At USDA, IPP has been deployed to more than 6,000 users and 19,000 vendors, and is now the required vehicle for submitting and approving invoices for contracts awarded through IAS. As of February 2014, USDA has processed more than 26,000 purchase orders, 29,000 invoices, and 150,000 payments through IPP. Implementation of this single invoice submission process has helped unify Department business processes across all USDA Agencies.
The Second Annual IPP Agency Forum was held on March 6, 2014, at the U.S. Capitol Visitor Center in Washington D.C. At this year’s event, over 70 participants from 31 federal government agencies and organizations learned more about how IPP is advancing electronic invoicing to improve efficiencies and reduce costs.
Among the featured speakers were:
One of the event highlights was an interactive panel featuring representatives from the Department of the Interior, Department of Agriculture, and Booz Allen Hamilton. This panel discussed the benefits to the federal financial, acquisition/procurement, and vendor communities of using IPP.
In conjunction with the IPP Agency Forum, IPP hosted a User Group meeting designed to create an open dialogue with IPP users about planned enhancements and requested changes to the application.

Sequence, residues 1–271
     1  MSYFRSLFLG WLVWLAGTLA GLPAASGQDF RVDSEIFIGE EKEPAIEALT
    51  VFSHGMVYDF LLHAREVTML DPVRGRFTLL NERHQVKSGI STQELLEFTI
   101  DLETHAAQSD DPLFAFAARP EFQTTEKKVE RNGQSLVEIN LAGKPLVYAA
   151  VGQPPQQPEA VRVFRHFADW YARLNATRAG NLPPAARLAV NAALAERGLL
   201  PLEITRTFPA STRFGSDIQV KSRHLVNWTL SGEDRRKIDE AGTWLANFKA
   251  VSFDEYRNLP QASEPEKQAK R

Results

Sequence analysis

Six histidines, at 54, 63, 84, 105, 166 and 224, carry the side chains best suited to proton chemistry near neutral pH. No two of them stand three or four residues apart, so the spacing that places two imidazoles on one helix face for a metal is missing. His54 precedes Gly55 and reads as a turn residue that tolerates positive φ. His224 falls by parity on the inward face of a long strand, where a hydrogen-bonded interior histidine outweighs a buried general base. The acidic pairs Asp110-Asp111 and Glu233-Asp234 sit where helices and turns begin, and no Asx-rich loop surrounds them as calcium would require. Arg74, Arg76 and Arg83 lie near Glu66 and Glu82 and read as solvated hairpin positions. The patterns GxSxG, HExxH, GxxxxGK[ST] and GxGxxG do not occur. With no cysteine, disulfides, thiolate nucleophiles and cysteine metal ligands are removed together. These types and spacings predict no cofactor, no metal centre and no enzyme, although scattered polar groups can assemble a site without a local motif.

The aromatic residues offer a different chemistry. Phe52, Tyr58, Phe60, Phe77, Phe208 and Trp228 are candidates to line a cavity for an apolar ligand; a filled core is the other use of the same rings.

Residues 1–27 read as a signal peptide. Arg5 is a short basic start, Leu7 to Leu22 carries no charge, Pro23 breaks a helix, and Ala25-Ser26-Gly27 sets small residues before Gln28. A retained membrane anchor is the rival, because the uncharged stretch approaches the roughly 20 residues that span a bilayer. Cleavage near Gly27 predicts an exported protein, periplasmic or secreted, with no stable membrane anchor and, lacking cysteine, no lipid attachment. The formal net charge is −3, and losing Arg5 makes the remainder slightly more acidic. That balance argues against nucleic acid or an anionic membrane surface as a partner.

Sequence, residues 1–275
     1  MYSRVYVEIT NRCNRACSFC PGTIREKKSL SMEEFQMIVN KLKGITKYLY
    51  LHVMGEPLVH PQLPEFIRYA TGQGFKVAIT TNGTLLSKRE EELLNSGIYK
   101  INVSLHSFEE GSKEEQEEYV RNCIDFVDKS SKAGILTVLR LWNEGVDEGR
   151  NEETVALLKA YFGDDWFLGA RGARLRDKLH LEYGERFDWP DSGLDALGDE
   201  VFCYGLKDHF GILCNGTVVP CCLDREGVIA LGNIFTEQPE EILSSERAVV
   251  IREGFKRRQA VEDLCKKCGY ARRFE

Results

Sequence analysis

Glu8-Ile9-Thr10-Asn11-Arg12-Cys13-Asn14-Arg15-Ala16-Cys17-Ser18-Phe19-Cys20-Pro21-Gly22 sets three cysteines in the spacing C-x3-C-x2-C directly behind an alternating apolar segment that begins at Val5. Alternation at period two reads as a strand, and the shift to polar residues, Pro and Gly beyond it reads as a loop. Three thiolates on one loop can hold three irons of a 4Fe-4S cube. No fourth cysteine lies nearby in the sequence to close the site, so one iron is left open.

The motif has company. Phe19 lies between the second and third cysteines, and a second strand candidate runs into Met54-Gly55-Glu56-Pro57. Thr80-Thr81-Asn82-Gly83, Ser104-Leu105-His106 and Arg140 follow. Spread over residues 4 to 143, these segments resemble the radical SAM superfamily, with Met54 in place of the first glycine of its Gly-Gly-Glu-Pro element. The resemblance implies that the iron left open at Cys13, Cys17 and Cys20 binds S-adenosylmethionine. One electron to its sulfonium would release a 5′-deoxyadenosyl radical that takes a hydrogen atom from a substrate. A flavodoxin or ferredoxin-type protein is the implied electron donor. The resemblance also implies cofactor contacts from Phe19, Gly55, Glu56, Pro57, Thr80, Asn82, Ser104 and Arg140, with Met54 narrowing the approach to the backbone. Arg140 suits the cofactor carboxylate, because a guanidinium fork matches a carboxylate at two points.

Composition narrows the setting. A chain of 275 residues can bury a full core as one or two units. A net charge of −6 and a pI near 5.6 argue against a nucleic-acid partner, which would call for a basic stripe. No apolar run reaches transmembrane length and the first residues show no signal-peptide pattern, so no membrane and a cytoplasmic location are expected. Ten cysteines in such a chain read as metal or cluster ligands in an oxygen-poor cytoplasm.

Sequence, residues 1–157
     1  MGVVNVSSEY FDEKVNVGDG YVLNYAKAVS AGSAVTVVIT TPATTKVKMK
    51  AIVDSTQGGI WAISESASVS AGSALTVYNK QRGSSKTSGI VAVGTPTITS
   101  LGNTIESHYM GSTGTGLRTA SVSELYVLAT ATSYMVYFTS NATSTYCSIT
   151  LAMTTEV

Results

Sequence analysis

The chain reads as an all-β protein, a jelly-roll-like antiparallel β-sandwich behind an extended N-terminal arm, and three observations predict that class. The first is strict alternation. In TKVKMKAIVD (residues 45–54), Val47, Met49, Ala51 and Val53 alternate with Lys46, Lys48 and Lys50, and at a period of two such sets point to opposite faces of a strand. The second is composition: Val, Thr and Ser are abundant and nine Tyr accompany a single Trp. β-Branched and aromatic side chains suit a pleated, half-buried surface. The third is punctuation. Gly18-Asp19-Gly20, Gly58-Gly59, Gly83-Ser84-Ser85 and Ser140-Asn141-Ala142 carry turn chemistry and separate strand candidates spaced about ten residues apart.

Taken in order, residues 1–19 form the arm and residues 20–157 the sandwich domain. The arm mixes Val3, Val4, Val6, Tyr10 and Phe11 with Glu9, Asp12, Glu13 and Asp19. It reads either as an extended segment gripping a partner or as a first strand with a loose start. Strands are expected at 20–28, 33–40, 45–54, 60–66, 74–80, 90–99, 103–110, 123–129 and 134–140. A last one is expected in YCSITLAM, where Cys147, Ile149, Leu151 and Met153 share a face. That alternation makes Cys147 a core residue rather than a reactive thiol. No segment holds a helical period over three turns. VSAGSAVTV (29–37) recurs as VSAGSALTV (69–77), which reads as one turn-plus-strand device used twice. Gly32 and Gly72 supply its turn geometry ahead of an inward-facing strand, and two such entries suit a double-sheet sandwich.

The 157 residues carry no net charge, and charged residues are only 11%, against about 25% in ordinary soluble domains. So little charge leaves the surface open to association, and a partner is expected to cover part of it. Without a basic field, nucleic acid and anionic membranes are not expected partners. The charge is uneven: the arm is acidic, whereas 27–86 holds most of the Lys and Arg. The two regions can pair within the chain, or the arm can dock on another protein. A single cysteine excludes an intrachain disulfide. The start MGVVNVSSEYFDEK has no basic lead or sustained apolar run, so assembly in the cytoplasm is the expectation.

IPP would like to thank all of the presenters, panelists, and attendees for their participation in this event!
The U.S. Department of the Interior (DOI), in partnership with the U.S. Department of the Treasury Bureau of the Fiscal Service, has completed the phased deployment of the Invoice Processing Platform (IPP) for all its bureaus and offices. IPP is U.S. Treasury’s secure, e-invoicing shared service that more efficiently manages government invoicing from purchase order (PO) through payment notification. IPP saves taxpayer dollars, improves government financial management and makes it easier for vendors to do business with the federal government. IPP is also part of the Office of Management and Budget (OMB) Shared First initiative, which encourages the use of shared-service delivery models. First launched in 2007, over 60 federal government entities and 74,000 vendors now use IPP.
Over the past four years, DOI transitioned bureaus and offices to IPP in conjunction with the rollout of its Financial and Business Management System (FBMS). FBMS replaced DOI’s many administrative systems with a modernized, fully integrated enterprise-wide solution based on standard business management processes. Beginning in October 2009, DOI first piloted IPP with several of its bureaus and vendors in order to prove the benefits of e-invoicing. Other goals were to determine if implementing IPP would have a positive impact on DOI workload and to validate DOI’s configuration of IPP. DOI bureaus and offices were transitioned as they were deployed in FBMS. The final Interior bureau, the Bureau of Reclamation, transitioned to using IPP to process any invoices for contracts awarded on or after October 1, 2013.